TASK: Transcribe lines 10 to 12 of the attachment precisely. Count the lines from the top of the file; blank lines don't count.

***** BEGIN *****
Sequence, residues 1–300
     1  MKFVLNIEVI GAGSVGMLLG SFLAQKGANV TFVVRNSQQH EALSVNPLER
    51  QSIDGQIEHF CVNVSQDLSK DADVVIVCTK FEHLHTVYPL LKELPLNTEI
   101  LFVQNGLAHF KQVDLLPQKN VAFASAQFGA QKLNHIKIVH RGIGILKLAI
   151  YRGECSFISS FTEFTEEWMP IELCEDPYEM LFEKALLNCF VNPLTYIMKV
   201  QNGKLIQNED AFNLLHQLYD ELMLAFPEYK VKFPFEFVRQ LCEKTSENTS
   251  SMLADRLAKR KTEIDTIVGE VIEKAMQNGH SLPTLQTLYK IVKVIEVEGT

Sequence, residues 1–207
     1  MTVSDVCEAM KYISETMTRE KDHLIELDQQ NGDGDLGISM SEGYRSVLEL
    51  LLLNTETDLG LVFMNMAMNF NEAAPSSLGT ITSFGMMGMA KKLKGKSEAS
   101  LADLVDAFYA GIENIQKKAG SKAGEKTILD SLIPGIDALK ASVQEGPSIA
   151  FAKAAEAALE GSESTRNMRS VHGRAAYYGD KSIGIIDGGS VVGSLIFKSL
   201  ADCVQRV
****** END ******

    51  LLLNTETDLG LVFMNMAMNF NEAAPSSLGT ITSFGMMGMA KKLKGKSEAS
   101  LADLVDAFYA GIENIQKKAG SKAGEKTILD SLIPGIDALK ASVQEGPSIA
   151  FAKAAEAALE GSESTRNMRS VHGRAAYYGD KSIGIIDGGS VVGSLIFKSL